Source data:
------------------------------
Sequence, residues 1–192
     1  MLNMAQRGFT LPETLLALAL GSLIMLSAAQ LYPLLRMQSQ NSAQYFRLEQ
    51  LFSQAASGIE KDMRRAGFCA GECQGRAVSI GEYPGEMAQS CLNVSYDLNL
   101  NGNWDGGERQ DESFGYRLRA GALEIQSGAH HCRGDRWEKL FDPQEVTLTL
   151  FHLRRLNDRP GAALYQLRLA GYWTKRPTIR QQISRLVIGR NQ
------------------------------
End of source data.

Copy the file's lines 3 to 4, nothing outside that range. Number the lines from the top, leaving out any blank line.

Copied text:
    51  LFSQAASGIE KDMRRAGFCA GECQGRAVSI GEYPGEMAQS CLNVSYDLNL
   101  NGNWDGGERQ DESFGYRLRA GALEIQSGAH HCRGDRWEKL FDPQEVTLTL